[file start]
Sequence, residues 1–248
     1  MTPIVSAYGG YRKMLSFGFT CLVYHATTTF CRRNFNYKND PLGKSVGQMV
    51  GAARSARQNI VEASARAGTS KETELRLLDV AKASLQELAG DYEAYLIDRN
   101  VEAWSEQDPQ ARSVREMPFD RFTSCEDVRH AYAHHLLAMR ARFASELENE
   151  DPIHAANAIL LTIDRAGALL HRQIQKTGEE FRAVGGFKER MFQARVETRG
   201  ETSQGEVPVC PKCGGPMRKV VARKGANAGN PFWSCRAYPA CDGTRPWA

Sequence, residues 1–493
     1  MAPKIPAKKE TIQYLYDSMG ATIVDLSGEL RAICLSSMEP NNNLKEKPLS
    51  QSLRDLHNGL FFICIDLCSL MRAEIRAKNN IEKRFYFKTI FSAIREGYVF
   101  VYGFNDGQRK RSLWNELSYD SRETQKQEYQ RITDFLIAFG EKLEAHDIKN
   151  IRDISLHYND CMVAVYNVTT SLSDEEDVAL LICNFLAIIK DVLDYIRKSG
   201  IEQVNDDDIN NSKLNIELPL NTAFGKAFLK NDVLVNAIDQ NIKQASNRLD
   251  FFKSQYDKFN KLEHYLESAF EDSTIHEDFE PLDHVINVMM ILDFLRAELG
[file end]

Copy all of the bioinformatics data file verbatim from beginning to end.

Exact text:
Sequence, residues 1–248
     1  MTPIVSAYGG YRKMLSFGFT CLVYHATTTF CRRNFNYKND PLGKSVGQMV
    51  GAARSARQNI VEASARAGTS KETELRLLDV AKASLQELAG DYEAYLIDRN
   101  VEAWSEQDPQ ARSVREMPFD RFTSCEDVRH AYAHHLLAMR ARFASELENE
   151  DPIHAANAIL LTIDRAGALL HRQIQKTGEE FRAVGGFKER MFQARVETRG
   201  ETSQGEVPVC PKCGGPMRKV VARKGANAGN PFWSCRAYPA CDGTRPWA

Sequence, residues 1–493
     1  MAPKIPAKKE TIQYLYDSMG ATIVDLSGEL RAICLSSMEP NNNLKEKPLS
    51  QSLRDLHNGL FFICIDLCSL MRAEIRAKNN IEKRFYFKTI FSAIREGYVF
   101  VYGFNDGQRK RSLWNELSYD SRETQKQEYQ RITDFLIAFG EKLEAHDIKN
   151  IRDISLHYND CMVAVYNVTT SLSDEEDVAL LICNFLAIIK DVLDYIRKSG
   201  IEQVNDDDIN NSKLNIELPL NTAFGKAFLK NDVLVNAIDQ NIKQASNRLD
   251  FFKSQYDKFN KLEHYLESAF EDSTIHEDFE PLDHVINVMM ILDFLRAELG